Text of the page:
A Response to Lampson's Essay on Software Components

Stephen Kell

Stephen.Kell@cl.cam.ac.uk

Introduction

I was recently fortunate enough to chat briefly with Andrew Birrell and Michael Isard, of Microsoft Research Silicon Valley, while they were visiting the Computer Laboratory here in Cambridge. I told them a little about my interests in component-based software development, and, playing Devil's advocate, they pointed me towards Butler Lampson's essay on the subject [1]. It's an interesting read.

Entitled ``Software Components: Only The Giants Survive'', his essay argues that component-based software development is doomed to failure. Starting from McIlroy's initial proposal of a software component library [2], he cites three reasons why it ``won't work''. Each contains a worthwhile point, but is argued somewhat obtusely, and the arguments in no way justify the conclusions. I'll now respond to each of his major points in turn.


Business model? Development model

Firstly, he claims that there's ``no business model'' for components. Perhaps owing to a latent assumption that components only ever arise as by-products from in-house development work, what he actually argues is something quite different: that the particular development model he envisages wouldn't be economical.


How not to develop components

It's true: highly general, out-of-the-box re-usable components are more expensive to create than a ``good enough'' version, and small components are difficult to market. But Lampson's argument is predicated on the assumption that components are developed and delivered in a very particular way: as unmodifiable black-boxes in a unidirectional provider-consumer fashion. As a result, they can't be developed collaboratively or incrementally (hence the ``generality'' problem). Similarly, consumers can't read the source code when documentation fails them (``documentation''), or fix bugs themselves (``testing'').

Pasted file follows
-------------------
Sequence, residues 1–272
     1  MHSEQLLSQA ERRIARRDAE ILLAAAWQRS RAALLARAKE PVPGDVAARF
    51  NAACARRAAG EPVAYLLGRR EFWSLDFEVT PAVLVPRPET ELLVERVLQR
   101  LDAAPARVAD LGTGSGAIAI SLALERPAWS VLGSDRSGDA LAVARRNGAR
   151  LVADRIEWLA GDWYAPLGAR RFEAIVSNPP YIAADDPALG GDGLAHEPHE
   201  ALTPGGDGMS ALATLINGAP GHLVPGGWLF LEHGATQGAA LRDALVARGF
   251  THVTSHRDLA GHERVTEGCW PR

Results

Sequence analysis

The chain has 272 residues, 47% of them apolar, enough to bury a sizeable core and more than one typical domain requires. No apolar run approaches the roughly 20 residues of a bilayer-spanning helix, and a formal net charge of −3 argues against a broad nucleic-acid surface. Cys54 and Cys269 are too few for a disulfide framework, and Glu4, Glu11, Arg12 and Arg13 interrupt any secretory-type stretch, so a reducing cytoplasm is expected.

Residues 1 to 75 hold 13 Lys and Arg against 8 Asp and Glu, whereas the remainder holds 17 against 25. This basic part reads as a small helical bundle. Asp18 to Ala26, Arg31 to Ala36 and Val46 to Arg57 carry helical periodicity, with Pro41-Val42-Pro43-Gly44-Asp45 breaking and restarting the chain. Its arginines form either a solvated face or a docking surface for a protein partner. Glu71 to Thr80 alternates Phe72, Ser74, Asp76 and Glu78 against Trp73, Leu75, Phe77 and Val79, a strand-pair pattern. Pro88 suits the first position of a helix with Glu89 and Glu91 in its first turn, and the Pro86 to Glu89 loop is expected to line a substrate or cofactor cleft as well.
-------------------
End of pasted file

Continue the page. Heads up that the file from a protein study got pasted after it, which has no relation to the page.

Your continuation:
So we agree that this development model does not make a good one for component-based development - but it's not the only way. Take a look at the open-source world: bugs are plentiful and documentation is often scant, but communication between developers is extensive in each direction, and source code is fully available. Under this development model, most of Lampson's stated problems go away. Perhaps unwittingly, he's done a good job of furthering the existing arguments (such as those of Raymond [3] and, more recently, Spinellis and Szyperski [4]) as to why closed-source non-collaborative methods are not such a good way to develop software in the first place.

Note that components don't require all the liberty of open source: even a simple Microsoft-style ``shared source'' license, together with close collaboration between a component's consumers and developers, would avoid most of the problems Lampson identifies. We can therefore sidestep awkward arguments about funding, because component developers can still charge their customers directly. Crucially, this development model embraces ``opportunistic reuse'': if a partial solution is available, use it - and ideally contribute any enhancements and fixes back upstream.

Interestingly, open-source software still suffers from surprisingly high levels of code duplication, either by reimplementation or, better but still undesirable, by source-level copy-and-paste. That phenomenon is mostly outside the scope of this piece, but much of the work I cite later has direct application to problems which underly it.


What else needs fixing?

I haven't yet covered a few of the properties which Lampson claims make components too expensive to develop: simplicity, customisability and stability. The latter is a familiar problem: inevitably, some kinds of innovation and improvement require interface changes. Any component author avoids making unnecessary interface changes. When they do happen, the approach is simple: inform your clients of ongoing changes, consult them about future changes, and keep the old version available. If neither you nor they want to maintain support for the old interface, then they can stick with the old version of the component. Alternatively, there is research into tools which can automatically glue plug-incompatible interfaces together by generating adapters [8,28].